LONDON: The Met Police has been placed into an advanced stage of monitoring, in what Home Secretary Priti Patel has described as “special measures”.
Recently the force has been hit by a series of scandals including the murder of Sarah Everard, the strip-search of Child Q and officers being caught exchanging offensive messages.
In February Dame Cressida Dick quit as commissioner. Ms Patel said she backed the move taken by HM Inspectorate of Constabulary.
HM Inspectorate of Constabulary and Fire and Rescue Services (HMICFRS) said in a statement: “We can confirm that we are now monitoring the Metropolitan Police Service through our Engage process, which provides additional scrutiny and support to help it make improvements.”
The Engage level of monitoring is used by HMICFRS when a force “is not succeeding in managing, mitigating or eradicating” a cause of concern.
It means the UK’s largest police force will be required to report to inspectors more regularly and could be asked to meet specific crime-fighting targets.
The Met could also receive support from the College of Policing, the National Police Chiefs Council or other external organisations.
In a statement the force said: “We recognise the cumulative impact of events and problems that the Met is dealing with.
“We understand the impact this has had on communities and we share their disappointment.
“We are determined to be a police service Londoners can be proud of. We are talking to the inspectorate about next steps.”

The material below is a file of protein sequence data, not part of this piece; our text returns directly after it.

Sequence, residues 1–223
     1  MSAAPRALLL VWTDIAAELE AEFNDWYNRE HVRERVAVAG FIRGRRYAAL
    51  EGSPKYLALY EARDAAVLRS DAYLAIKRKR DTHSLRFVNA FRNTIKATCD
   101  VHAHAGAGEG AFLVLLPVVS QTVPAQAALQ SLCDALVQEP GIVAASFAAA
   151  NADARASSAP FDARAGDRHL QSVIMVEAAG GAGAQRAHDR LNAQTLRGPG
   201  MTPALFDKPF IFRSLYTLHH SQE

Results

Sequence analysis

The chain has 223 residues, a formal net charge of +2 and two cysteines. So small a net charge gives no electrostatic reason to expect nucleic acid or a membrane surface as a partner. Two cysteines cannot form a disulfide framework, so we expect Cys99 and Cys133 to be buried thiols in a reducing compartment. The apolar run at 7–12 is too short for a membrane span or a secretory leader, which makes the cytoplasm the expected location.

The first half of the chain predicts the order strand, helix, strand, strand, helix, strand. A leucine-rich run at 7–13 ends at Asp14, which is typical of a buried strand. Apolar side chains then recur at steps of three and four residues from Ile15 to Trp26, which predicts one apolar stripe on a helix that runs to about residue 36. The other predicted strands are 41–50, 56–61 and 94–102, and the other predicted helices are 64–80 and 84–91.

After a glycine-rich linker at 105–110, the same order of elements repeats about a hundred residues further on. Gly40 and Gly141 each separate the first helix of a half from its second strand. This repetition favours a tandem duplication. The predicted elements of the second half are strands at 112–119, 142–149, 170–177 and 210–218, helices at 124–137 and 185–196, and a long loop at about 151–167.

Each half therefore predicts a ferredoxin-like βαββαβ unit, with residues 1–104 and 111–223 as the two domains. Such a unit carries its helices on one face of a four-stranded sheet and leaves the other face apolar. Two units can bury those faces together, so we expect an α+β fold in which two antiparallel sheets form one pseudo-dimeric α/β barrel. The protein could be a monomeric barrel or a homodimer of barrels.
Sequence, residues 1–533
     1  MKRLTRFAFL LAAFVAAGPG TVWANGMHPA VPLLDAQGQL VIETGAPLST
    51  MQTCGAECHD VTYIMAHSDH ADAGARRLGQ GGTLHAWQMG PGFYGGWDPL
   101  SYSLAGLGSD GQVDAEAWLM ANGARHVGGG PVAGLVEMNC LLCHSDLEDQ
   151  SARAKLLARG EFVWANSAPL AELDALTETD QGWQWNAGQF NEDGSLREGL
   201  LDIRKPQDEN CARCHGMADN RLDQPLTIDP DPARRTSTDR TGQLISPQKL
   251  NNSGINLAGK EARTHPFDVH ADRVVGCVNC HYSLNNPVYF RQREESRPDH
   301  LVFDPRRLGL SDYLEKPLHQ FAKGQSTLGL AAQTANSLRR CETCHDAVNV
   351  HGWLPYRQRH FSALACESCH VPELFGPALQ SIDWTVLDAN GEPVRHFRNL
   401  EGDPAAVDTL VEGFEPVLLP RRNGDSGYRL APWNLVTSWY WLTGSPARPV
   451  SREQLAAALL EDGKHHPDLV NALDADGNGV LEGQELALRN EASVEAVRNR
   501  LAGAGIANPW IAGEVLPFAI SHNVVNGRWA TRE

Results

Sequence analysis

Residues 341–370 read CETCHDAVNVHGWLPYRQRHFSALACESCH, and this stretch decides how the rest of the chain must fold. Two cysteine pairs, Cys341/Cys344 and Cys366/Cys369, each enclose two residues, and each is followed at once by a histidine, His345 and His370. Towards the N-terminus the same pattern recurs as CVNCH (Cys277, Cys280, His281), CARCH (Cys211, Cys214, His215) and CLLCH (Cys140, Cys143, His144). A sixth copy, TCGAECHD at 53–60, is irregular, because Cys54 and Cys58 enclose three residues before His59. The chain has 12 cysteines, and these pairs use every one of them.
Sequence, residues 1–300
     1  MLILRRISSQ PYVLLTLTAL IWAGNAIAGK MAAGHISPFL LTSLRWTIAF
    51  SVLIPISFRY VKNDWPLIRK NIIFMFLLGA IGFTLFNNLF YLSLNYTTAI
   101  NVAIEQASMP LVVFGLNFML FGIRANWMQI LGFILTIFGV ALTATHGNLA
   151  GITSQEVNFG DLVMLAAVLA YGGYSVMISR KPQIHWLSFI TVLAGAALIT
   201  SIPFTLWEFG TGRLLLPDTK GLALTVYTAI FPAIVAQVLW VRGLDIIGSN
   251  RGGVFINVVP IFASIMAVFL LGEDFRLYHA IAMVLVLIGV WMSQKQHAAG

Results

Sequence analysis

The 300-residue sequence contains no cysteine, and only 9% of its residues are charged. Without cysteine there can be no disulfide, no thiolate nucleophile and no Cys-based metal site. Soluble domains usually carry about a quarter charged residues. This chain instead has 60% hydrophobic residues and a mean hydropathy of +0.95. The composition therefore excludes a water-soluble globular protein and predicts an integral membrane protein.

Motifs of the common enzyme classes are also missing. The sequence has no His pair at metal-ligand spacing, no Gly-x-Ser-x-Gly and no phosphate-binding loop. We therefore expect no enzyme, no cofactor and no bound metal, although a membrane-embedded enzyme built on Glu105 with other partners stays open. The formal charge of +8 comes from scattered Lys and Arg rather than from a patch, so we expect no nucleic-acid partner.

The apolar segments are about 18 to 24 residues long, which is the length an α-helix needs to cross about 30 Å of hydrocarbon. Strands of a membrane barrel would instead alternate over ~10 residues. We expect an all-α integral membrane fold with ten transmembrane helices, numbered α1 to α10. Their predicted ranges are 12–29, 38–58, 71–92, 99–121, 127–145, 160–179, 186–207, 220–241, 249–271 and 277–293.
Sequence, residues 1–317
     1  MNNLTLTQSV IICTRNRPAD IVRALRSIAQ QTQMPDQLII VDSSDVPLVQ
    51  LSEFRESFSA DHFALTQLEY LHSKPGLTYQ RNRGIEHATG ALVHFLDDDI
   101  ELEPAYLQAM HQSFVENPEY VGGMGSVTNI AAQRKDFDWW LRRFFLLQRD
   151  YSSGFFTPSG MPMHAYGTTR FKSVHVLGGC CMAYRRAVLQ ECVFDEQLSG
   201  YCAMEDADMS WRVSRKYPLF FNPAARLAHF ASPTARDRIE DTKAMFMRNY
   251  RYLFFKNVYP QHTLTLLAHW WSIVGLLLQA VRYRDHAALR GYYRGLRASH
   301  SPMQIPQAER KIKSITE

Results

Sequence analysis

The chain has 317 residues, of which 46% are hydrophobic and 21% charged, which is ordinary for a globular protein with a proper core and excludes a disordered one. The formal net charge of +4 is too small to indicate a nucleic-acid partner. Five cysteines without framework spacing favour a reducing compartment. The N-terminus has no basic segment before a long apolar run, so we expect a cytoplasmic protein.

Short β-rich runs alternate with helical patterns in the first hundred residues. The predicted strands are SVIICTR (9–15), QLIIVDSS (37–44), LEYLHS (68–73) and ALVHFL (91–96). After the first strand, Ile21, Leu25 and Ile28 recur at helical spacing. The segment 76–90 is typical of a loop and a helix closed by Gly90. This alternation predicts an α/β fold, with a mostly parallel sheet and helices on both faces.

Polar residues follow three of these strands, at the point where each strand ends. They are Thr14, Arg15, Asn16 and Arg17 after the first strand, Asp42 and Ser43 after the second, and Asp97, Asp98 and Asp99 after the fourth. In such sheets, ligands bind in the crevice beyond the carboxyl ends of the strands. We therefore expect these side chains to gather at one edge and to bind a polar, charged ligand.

Other forces that have been the subject of the inspectorate’s Engage process include Greater Manchester Police in 2020 and Cleveland Constabulary in 2019.
Ms Patel said it was clear to her the Met Police was falling short in getting “the basics right”.
She said she backed the inspectorate’s action and called on both the force and Mayor of London Sadiq Khan “to take immediate action to begin addressing” the issues facing the Met.
The home secretary added: “The process to recruit a new commissioner is well under way and I have made clear that the successful candidate must demonstrate sustained improvements in the Met Police in order to regain public trust both in London and across the country.
“The new commissioner will need to deliver on the public’s priorities for the police – making our streets safer, bearing down on crime and bringing more criminals to justice, while continuing to recruit thousands of new officers to protect local communities.”
Mr Khan said the watchdog had raised very serious concerns and called for “root-and-branch” reforms to change the Met Police’s performance and culture.
He added: “A series of appalling scandals have not only exposed deep cultural problems but have damaged the confidence of Londoners in the capital’s police service.
“The decision by the HMIC to now move the Met into special measures has laid bare the substantial performance failings by the force.”